“21. Commencement of arbitral proceedings. – Unless otherwise agreed by theparties, the arbitral proceedings in respect of a particular dispute commence on the date on which a request for that dispute to be referred to arbitration is received by the respondent.”

10. It is apparent from the plain language of Section 21 of the A&C Act that the arbitral proceedings would commence when a notice under Section 21 of the A&C Act is received by the concerned party.

11. As noticed above, none of the two communications relied upon by the petitioner to claim that the provisions of Section 21 of the A&C Act have been complied with, were addressed to the respondent. Thus, there is no question of the respondent having received the same at the material time.

12. The second question to be addressed is whether the present petition can be rejected on the ground that the claims made by the petitioner are barred by limitation.

13. It is trite law that all contentious disputes are required to be addressed by the forum chosen by the parties – the Arbitration Tribunal. However, in cases where there is no vestige of doubt that the claims are barred by limitation, the Court would decline to appoint an arbitrator. In Bharat Sanchar Nigam Limited and Anr. vs. M/s Nortel Networks India Private Limited: (2021) 5 SCC 738, the Supreme Court had observed as under:

“47. It is only in the very limited category of cases, where there is not even a vestige of doubt that the claim is ex facie time-barred, or that the dispute is non-arbitrable, that the court may decline to make the reference. However, if there is even the slightest doubt, the rule is to refer the disputes to arbitration, otherwise it would encroach upon what is essentially a matter to be determined by the tribunal.

“48. Applying the law to the facts of the present case, it is clear that this is a case where the claims are ex facie time barred by over 5 years, since Nortel did not take any action whatsoever after the rejection of its claim by BSNL on 04.08.2014. The notice of arbitration was invoked on 29.04.2020. There is not even an averment either in the notice of arbitration, or the petition filed under Section 11, or before this Court, of any intervening facts which may have occurred, which would extend the period of limitation falling within Sections 5 to 20 of the Limitation Act. Unless, there is a pleaded case specifically adverting to the applicable Section, and how it extends the limitation from the date on which the cause of action originally arose, there can be no basis to save the time of limitation.”

14. In the present case, there is admittedly no communication issued by the respondent acknowledging any liability for the amount as claimed by the petitioner. According to the petitioner, it had completed the works in the year 2016. Whilst, the respondent has paid an amount of Rs. 6,35,960/- in the month of April, 2016, it had not cleared the balance.

15. The learned counsel appearing for the petitioner states that the petitioner had sent several communications – which are not on record – seeking payment of the pending amount; however, the respondent had not responded to the said communications or had acknowledged in any manner that any payment was due to the petitioner. He states that the petitioner is also unable to trace a copy of the invoice and is not aware as to when the same was sent. It is for this reason, that the petitioner has averred in the present petition that the claim for Rs. 56,58,006/- was made in the year 2016 without referring to any particular date.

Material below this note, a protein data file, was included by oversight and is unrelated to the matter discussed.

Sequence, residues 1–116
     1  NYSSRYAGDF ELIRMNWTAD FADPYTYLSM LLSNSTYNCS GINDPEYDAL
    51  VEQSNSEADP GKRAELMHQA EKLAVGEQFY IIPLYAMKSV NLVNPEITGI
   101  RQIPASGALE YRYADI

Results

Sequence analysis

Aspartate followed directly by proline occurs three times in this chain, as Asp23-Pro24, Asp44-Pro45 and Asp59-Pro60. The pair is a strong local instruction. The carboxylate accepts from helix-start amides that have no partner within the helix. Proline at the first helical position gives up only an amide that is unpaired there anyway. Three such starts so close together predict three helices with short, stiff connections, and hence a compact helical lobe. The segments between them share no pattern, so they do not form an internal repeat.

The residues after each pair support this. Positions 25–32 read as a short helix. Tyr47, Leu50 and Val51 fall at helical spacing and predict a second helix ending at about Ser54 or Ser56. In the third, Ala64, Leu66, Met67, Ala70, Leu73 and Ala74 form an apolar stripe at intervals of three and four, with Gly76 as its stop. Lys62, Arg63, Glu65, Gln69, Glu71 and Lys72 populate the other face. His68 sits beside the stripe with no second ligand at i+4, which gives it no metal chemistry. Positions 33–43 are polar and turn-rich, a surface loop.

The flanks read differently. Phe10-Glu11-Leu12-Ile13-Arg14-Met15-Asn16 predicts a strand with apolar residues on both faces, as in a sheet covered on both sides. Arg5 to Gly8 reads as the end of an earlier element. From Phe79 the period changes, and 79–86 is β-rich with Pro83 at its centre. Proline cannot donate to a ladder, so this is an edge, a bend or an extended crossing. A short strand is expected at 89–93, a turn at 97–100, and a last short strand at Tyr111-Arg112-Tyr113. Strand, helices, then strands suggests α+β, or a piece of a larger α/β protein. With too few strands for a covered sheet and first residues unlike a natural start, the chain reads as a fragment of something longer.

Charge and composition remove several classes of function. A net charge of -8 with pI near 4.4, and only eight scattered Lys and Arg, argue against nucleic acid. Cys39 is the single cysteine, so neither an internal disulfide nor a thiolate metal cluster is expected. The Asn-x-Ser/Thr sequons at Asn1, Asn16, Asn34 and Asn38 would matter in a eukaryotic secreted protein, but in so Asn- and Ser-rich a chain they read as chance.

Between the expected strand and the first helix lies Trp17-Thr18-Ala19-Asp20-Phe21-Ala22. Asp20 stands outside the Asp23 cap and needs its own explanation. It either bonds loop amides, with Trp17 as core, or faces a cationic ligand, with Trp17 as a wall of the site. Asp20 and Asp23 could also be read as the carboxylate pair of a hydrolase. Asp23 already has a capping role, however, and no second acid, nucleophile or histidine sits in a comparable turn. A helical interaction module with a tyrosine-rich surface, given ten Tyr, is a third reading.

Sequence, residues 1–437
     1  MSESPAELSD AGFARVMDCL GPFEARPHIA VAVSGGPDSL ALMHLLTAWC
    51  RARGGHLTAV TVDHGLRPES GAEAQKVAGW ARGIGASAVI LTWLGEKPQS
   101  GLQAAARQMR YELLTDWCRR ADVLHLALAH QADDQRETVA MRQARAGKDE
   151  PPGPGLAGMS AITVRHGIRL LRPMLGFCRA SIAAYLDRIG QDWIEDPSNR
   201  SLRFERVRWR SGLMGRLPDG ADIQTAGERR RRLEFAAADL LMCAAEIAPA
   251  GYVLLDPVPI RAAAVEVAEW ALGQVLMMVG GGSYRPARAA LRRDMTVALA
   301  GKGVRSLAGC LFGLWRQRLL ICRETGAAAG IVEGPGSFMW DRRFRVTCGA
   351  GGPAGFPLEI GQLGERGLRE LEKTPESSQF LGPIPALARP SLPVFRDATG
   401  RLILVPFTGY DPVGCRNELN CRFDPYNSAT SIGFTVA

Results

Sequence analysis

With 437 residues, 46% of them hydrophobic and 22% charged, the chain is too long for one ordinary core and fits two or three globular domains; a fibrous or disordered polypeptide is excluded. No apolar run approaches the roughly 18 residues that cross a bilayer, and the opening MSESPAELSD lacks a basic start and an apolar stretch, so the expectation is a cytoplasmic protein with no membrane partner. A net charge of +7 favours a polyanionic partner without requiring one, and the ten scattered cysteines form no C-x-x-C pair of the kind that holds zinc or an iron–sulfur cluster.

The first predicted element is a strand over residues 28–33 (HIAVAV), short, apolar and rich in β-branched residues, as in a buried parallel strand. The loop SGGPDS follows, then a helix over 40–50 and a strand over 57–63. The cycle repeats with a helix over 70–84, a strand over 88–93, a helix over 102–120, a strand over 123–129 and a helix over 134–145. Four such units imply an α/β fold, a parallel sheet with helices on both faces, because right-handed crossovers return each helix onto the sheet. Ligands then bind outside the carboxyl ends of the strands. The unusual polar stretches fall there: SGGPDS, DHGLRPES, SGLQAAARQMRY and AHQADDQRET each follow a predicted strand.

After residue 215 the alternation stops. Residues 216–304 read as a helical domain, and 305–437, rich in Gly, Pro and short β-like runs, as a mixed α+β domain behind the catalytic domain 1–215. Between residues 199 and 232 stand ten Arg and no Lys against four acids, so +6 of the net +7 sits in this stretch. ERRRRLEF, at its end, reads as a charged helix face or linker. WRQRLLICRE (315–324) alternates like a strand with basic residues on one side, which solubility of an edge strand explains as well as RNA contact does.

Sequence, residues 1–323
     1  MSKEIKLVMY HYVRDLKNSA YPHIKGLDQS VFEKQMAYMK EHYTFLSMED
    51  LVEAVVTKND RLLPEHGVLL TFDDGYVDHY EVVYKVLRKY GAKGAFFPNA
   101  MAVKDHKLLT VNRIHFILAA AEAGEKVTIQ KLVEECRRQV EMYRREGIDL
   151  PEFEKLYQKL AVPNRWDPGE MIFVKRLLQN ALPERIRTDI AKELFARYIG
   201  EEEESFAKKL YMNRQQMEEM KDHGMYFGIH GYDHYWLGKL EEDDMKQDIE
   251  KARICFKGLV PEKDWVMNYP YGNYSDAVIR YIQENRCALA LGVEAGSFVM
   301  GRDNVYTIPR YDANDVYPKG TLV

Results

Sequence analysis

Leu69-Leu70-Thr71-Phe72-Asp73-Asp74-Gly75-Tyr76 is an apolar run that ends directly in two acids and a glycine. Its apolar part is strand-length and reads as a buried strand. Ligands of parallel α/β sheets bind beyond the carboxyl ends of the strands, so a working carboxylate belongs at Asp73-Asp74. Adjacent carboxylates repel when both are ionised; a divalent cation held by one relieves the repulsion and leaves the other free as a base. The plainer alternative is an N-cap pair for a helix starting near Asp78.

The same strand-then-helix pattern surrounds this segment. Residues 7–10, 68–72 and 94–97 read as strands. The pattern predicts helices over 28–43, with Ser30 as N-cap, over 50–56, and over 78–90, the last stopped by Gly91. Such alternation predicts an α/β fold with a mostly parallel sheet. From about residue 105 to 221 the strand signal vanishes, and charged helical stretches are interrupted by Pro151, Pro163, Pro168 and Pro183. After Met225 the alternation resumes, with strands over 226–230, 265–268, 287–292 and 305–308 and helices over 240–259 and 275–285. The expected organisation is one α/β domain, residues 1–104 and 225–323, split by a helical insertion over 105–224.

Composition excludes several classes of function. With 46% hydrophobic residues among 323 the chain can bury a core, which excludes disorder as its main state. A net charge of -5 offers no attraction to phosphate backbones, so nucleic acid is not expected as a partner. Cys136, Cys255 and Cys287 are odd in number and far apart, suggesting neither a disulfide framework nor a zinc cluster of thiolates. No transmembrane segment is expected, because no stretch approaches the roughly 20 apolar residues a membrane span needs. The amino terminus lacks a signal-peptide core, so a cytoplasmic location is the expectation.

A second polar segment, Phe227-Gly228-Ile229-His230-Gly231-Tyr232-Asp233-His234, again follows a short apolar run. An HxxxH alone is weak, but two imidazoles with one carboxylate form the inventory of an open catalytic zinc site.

16. There is a communication addressed to the PMO web portal, which the petitioner claims was filed in the year 2019. The respondent had sent an e-mail dated 14.01.2021 to the Prime Minister’s Office, in connection with the complaint made by the petitioner to the Prime Minister’s Office on 03.12.2018. The respondent claimed that it had released the payments as per the invoices raised by the petitioner and the Work Order. The respondent further claimed – and the same is not disputed by the petitioner – that no separate work order was issued for a

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ny additional work as claimed and no financial commitment was made by the respondent. 17. The limited question to be addressed is as to whether it is ex facie clear that the claim made by the petitioner is barred by limitation. Admittedly, there is no communication acknowledging any payments due to the petitioner. It is the petitioner’s case that the respondent had denied the payments as claimed by it and had not cleared the same since 2016. In this view of the matter, there is no scope to entertain even an iota of doubt that the petitioner’s claim is barred by limitation. 18. In view of the above, this Court does not consider it apposite to accede to the petitioner’s prayer for appointing of an Arbitrator, both, on the ground that it had not issued a notice as required under Section 21 of the A&C Act and that the petitioner’s claim for payment of work done in 2016 are ex facie barred by limitation. 19. The petition is, accordingly, dismissed.